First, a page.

Generally speaking, hipsters are a a subculture of men and women that value independent thinking, counter-culture, progressive politics, an appreciation of art and indie-rock, creativity, intelligence, and witty banter. As consumers, hipsters shun any product, media or advertisement deemed mainstream or conventional, and consequently the hipster prides him/herself on having obscure/underground or ironic taste. The true irony here is that hipsters are conformists within their own subculture, and are in fact unknowingly following a path that hipsters have carved out years before them. Even hipster rebellion can be bought and sold by the media machine- while clothing companies like American Apparel, and Urban Outfitters make tons of money from the hipster demographic that crave the "effortless cool" look. Another huge aspect of the hipster culture is interest in underground, indie, or obscure music. However, the hipsters rely heavily on sites like Pitchfork Media to tell them what's cool, which bands have "sold out" etc. Here it is: the feedback loop.

There are several websites and forums that parody "underground" hipster culture. My favorite, is a site called Hipster Kitty that often pokes fun at the way a hipster brags about having more obscure music taste than his peers. It's always a competition about who's heard what band first. See example below:


Sunday, October 24, 2010

Bob Masse: Concert Poster Artist Exraordinaire

It was March 2009, I was walking down the streets of downtown Baltimore when I saw it: sitting there in the window of a head shop-beautiful, colorful, psychedelic. It was perfect. "It", if you are wondering, was a retro print of a Bob Dylan/Paul Simon concert poster for the show at Meadows Music Theater in 1990. Well, I bought it of course. I had to (being the obsessive Paul Simon fan that I am). It wasn't until a few months later, however, that I noticed the small print on the bottom of the poster:BOB MASSE.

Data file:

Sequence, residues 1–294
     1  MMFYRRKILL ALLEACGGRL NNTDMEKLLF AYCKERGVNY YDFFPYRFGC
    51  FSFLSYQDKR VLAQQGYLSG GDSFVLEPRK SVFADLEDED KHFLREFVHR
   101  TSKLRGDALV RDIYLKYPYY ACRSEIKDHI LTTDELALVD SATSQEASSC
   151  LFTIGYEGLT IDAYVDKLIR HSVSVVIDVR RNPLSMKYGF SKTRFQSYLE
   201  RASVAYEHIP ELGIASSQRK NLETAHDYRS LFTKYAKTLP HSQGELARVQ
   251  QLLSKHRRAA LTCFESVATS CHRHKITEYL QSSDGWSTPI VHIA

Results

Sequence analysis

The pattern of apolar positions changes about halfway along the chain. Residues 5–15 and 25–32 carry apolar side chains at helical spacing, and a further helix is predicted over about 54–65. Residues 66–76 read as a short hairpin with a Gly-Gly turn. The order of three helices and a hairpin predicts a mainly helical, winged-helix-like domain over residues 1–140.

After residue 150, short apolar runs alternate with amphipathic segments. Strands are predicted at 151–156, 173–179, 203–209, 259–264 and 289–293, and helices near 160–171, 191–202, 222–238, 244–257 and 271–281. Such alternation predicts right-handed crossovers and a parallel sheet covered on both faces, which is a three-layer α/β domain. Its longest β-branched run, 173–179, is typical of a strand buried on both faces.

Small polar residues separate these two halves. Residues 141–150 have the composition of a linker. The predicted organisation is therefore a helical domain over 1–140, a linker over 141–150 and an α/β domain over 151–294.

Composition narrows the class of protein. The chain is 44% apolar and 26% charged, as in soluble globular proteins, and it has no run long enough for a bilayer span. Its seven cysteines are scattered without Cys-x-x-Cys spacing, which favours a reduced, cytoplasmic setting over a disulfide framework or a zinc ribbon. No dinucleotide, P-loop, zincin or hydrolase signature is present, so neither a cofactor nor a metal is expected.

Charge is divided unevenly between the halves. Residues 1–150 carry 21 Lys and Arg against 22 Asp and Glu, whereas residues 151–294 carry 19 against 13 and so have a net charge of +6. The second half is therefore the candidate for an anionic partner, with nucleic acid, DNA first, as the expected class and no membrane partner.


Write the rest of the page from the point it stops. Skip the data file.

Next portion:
Bob Masse, it turns out, is "Canada's foremost rock poster artist" and a pioneer of the psychedelic art genre. (1) While searching through online collections I noticed a predominant theme of Art Nouveau influence. It is said that Bob's designs reflect his interest in the Art Nouveau movement and the work of Alphonse Mucha in particular. Similar techniques of the two artists include a brilliant color palette, fluid line-work, unique lettering, and intricate figures. Although Bob Masse is most widely attributed to music poster production, there was a break in the 1980's when Masse turned his focus to film posters. During this time, he worked for a variety of film projects including Total Recall and Back to the Future III. The switch did not last long, and the artist returned to his original medium the next decade. Masse has been producing posters since the 1960's and continues to produce for contemporary performers. Throughout his career, Mr. Masse has done work for many artists including Bob Dylan, The Doors, Grateful Dead, U2, Alanis Morissette, The Red Hot Chili Peppers, and Led Zeppelin.